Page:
Snow Leopard, BBEdit & QuicKeys

Because Snow Leopard does not install Rosetta by default, I’ve decided to abandon the last of my PowerPC applications: QuicKeys 2.1.1.

I’ve been a fan of BBEdit for a long time. At first, I relied heavily on QuicKeys to handle a lot of my keystroke automation within BBEdit:

  1. Add pre-defined text / templates.
  2. Insert HTML tags.
  3. Run AppleScripts.

However, I’ve encountered various compatibility issues with QuicKeys over time as I upgraded to newer versions of Mac OS X or BBEdit. Instead of waiting around for a fix, I’ve slowly migrated many of my QuicKeys functions over to BBEdit. After I installed Snow Leopard, I finally pulled the last automated function away from QuicKeys.

Adding Predefined Text or a Template. If you have to enter the same text repetitively in multiple documents, create a clipping. To do this, select the text pattern and save it as a clipping. In BBEdit, select © > Save Selection as Clipping… For some reason, the Clippings menu looks like an inverted copyright sign. Then, select Window > Palettes > Clippings. This summons the Clippings window where you can highlight your clippings and assign a hot key to them via the Set Key button.

Inserting HTML Tags. While you can use the above method to insert HTML code, the better method is to take advantage of BBEdit’s built-in hot key (or menu key) functions. Select BBEdit > Preferences to summon the BBEdit Preferences window. Select Menus from the left-hand column of the BBEdit Preferences window. In the right-hand column, expand Markup by clicking on the arrow to its left so that it points downward. If you find the HTML tag that you want from the sub-menus, select it and click on the Set Key button to assign a hot key. This method works better than just inserting the HTML tags as text because it inserts the opening and closing tags in the right place.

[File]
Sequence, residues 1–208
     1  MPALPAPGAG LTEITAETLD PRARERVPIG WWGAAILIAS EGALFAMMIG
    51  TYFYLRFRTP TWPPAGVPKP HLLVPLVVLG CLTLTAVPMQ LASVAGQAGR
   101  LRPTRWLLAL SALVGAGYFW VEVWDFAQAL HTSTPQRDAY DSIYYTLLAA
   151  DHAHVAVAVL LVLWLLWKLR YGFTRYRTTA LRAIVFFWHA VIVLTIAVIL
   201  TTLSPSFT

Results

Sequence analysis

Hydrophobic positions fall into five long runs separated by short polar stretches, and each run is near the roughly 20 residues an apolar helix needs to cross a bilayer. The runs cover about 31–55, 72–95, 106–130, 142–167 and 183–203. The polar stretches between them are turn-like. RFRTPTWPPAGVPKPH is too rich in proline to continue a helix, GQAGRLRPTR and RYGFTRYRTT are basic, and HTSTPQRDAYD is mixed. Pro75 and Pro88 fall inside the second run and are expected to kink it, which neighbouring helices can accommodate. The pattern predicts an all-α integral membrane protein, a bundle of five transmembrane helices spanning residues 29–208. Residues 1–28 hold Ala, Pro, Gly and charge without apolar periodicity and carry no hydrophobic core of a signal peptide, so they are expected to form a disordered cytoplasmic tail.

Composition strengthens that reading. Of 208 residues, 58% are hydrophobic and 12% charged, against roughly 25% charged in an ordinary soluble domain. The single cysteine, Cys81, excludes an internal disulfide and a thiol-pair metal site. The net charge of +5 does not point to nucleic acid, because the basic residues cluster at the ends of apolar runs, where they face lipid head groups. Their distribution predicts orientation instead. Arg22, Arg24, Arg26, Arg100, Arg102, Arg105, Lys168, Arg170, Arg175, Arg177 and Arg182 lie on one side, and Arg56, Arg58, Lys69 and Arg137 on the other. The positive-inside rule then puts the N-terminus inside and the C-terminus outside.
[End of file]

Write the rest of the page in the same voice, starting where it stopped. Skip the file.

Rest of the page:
Run AppleScripts. The last remaining function that I had assigned to QuicKeys was to run an AppleScript that handled capitalization. Yes, BBEdit has a Change Case function, but it did not work exactly like I wanted. If I asked BBEdit to Capitalize Words, I end up with something like this:

A Rat In The House May Eat The Ice Cream

However, I prefer not to capitalize certain words, such as “in” and “the,” at least from the above text string. I have a bunch of other words that I do not ordinarily capitalize as well, such as “of”, “a” and “an.” While I love the Text Factory function, which is an easy way to run successive search and replace patterns, I can only run a Text Factory across an entire file and not an individual text selection. Hence, I created an AppleScript to handle this, which I had assigned to a QuicKeys hot key. Turns out that moving my existing script over to BBEdit was easier than I could imagine. I just had to drag the script to ~/Library/Application Support/BBEdit/Scripts/. The script then magically appeared in the Script menu (which looks like a curled document). To assign a hot key to this script, select Window > Palettes > Scripts. Select your script and click on the Set Key button to assign a keystroke.

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